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Capacity to work while depressed and anxious - a phenomenological study.

Journal article
Authors Monica Bertilsson
Eva-Lisa Petersson
Gunnel Östlund
Margda Waern
Gunnel Hensing
Published in Disability and rehabilitation
Volume 35
Issue 20
Pages 1705-1711
ISSN 1464-5165
Publication year 2013
Published at Institute of Medicine, School of Public Health and Community Medicine
Institute of Neuroscience and Physiology, Department of Psychiatry and Neurochemistry
Pages 1705-1711
Language en
Links dx.doi.org/10.3109/09638288.2012.75...
Keywords Fitness for work, work capacity, mental health, focus groups
Subject categories Public health medicine research areas

Abstract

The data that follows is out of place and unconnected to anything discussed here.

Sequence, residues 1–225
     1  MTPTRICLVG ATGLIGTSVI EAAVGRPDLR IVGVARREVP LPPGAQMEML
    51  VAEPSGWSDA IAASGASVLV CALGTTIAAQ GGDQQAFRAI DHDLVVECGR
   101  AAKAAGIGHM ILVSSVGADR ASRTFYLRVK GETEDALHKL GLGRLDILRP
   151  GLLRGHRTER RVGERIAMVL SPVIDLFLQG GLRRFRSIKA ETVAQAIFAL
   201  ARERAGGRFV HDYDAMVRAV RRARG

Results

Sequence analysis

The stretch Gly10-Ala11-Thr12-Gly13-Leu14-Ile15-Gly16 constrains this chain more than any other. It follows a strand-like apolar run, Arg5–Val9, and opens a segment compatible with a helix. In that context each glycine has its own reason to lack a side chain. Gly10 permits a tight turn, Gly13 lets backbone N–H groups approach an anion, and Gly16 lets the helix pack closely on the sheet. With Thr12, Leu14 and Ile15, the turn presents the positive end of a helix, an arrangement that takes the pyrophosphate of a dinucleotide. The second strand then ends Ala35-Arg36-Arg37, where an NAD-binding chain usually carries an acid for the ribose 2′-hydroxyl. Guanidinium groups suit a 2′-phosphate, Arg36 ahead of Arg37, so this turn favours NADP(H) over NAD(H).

Abstract Purpose: The aim was to explore experiences of capacity to work in persons working while depressed and anxious in order to identify the essence of the phenomenon capacity to work. Method: Four focus groups were conducted with 17 participants employed within the regular job market. Illness experiences ranged from symptoms to clinical diagnoses. A phenomenological approach was employed. Results: The phenomenon of capacity to work was distinguished by nine constituents related to task, time, context and social interactions. The phenomenon encompassed a lost familiarity with one's ordinary work performance, the use of a working facade and adoption of new time-consuming work practices. Feelings of exposure in interpersonal encounters, disruption of work place order, lost "refueling" and a trade-off of between work capacity and leisure-time activities was also identified. The reduced capacity was pointed out as invisible, this invisibility was considered troublesome. Conclusions: A complex and comprehensive concept emerged, not earlier described in work capacity studies. Rehabilitation processes would benefit from deeper knowledge of the individual's capacity to work in order to make efficient adjustments at work. Results can have particular relevance both in clinical and occupational health practice, as well as in the workplaces, in supporting re-entering workers after sickness absence. Implications for Rehabilitation The reduced capacity to work due to depression and anxiety is not always understandable or observable for others, therefore, the rehabilitation process would benefit from increased knowledge and understanding of the difficulties afflicted individuals experience at work. Identifying tasks that contribute to "refueling" at work might enhance the success of the rehabilitation. Rehabilitation programs could be tailored to better address the inabilities that impact on the capacity to work when depressed and anxious.

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